When I wake up, I feel as if my shoulders have been velcroed to the sheets.

Agatha Raisin and the Witches' Tree

Agatha Raisin and the Witches' Tree

A siren voice in my head says, "Go back to sleep. Death by duvet. Don't get up." But I wrench myself out of bed, run a bath so full of Epsom salts, it's like the Dead Sea but makes it easy to get out of as I float to the surface. I dress, get black coffee but no more cigarettes. Three years now and I still miss them. Upstairs to the office and I prepare to write. I fiddle about, getting a sudden inspiration to iron my socks or defrost the fridge or do anything but start. But I tap out the first sentence and suddenly I am inside that film in my brain and I write what I see. A good morning is when I manage three thousand words.

I go downstairs, collect plastic bags and go shopping. I like Lambourne's, the butcher in Stow-in-the-Wold and I maybe buy some shin of beef or a partridge. On to Tesco's where I buy a drink and a sandwich because I can never be bothered to make lunch.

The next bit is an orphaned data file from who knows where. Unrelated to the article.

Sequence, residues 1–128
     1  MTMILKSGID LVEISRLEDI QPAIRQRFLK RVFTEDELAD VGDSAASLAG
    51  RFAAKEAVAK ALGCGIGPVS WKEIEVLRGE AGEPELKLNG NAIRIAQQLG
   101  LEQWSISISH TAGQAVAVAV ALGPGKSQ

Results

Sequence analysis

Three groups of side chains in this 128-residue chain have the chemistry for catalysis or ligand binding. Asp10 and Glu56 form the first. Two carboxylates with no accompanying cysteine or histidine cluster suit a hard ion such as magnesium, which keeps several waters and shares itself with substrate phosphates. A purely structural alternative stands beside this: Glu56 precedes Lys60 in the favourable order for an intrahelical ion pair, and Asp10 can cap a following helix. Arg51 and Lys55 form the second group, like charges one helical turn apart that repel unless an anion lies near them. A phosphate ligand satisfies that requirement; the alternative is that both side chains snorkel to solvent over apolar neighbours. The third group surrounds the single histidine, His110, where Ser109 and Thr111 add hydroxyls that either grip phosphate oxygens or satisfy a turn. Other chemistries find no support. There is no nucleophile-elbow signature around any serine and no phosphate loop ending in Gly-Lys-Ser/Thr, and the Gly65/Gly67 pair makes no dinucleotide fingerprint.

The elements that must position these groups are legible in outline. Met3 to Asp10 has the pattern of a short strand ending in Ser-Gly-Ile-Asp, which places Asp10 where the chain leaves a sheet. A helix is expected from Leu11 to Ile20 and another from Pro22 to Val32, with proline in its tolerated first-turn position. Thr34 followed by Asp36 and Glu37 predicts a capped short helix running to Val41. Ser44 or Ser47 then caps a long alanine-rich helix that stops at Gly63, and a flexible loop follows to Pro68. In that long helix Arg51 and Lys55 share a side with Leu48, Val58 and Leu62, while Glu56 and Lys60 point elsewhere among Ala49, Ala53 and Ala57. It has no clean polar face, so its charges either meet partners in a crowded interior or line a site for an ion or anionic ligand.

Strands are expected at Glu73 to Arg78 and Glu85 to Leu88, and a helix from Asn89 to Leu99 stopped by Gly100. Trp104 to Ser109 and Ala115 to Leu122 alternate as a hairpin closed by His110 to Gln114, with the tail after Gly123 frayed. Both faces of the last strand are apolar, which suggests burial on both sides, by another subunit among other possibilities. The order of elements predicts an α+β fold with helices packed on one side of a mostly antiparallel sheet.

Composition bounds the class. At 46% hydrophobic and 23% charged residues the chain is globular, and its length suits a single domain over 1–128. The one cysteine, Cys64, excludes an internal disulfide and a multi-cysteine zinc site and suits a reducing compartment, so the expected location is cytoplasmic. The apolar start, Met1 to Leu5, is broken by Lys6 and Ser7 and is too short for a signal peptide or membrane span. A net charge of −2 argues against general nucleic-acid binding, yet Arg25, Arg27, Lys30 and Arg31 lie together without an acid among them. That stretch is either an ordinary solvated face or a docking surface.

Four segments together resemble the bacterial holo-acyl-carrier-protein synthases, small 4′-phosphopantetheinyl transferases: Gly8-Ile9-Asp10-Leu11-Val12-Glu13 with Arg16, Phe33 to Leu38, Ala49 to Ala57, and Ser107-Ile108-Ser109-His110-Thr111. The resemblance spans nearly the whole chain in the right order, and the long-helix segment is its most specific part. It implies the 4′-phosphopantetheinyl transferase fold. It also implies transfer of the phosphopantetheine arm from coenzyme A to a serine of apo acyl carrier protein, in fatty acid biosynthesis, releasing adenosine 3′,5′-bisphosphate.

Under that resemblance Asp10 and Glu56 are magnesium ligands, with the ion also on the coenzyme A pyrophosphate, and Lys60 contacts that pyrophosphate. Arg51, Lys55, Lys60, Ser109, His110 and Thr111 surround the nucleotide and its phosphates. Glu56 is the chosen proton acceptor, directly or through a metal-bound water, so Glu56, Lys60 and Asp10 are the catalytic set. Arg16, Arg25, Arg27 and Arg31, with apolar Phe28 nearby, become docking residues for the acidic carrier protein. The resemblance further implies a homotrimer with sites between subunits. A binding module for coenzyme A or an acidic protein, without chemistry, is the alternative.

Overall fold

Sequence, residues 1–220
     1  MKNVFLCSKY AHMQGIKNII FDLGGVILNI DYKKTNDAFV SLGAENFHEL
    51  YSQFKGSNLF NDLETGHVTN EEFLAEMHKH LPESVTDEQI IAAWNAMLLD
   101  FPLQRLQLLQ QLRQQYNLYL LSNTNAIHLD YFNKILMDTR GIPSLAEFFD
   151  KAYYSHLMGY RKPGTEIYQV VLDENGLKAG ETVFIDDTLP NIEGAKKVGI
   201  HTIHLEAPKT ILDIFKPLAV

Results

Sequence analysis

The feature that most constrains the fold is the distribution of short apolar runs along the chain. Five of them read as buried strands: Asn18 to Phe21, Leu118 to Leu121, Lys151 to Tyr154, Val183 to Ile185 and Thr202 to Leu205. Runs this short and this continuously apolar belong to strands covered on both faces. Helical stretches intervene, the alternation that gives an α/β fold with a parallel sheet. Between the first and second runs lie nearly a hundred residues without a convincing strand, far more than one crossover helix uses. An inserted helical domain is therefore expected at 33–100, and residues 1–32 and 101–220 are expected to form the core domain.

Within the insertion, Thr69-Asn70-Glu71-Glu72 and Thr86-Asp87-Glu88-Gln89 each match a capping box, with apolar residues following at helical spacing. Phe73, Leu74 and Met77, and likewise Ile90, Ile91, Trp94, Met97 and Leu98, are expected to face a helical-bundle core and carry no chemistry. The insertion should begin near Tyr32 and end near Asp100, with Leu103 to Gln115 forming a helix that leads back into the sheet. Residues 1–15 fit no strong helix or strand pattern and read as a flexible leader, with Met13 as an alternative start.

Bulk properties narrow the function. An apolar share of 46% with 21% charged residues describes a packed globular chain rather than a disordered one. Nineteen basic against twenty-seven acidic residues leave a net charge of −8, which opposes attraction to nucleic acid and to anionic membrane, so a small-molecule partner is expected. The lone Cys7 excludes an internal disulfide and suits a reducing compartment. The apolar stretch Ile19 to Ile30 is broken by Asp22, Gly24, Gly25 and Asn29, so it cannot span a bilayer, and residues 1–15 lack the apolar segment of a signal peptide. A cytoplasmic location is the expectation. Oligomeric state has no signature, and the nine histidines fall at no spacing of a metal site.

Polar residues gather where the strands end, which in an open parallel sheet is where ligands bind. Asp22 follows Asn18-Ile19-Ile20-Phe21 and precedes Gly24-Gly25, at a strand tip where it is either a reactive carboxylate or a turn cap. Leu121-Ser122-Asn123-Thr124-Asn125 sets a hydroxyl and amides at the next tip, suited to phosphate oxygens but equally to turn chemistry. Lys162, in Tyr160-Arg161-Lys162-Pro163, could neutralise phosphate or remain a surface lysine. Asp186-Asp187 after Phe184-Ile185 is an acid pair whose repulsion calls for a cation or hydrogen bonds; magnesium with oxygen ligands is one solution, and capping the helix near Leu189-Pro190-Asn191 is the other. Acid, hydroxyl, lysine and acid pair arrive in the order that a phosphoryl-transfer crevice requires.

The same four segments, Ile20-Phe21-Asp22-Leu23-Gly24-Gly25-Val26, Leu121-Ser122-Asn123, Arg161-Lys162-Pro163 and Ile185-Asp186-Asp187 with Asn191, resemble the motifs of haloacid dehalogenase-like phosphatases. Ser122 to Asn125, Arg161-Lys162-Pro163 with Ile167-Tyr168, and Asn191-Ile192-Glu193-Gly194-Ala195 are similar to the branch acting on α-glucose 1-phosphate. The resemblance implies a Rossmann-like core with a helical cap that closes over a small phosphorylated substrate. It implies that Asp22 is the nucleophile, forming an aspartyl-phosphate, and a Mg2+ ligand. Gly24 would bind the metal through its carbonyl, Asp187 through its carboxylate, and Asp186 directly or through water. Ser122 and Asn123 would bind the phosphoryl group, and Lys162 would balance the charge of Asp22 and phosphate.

When I get back home, I settle down to do The Times crosswords and phone some people when I've done the best I can. I read one of Alexander McCall Smith's Isabel Dalhousie books. I find them gentle and soothing. I might meet friends in the evening or veg out in front of the television, watching things like University Challenge but nothing violent where there's rape and torture.

It seems as the more the world goes to hell in a handcart, the more I crave escape.

Extract from Chapter 2 of Agatha Raisin and the Witches' Tree 

Agatha Raisin was glad of this unexpected event. She was completely out of dreams and obsessions. When she was obsessing about some man, Agatha could forget about how little she valued herself and wrap herself up in a cosy package of rainbow fantasies. She was also lonely. Her ex-husband, James Lacey, a travel writer, was somewhere abroad and her friend, Sir Charles Fraith, was somewhere away as well, and she missed him. Of course, the steady friendship of Mrs Bloxby was always there, but she was good, and Agatha wanted to kick up her heels and be bad, preferably in bed with some gorgeous man…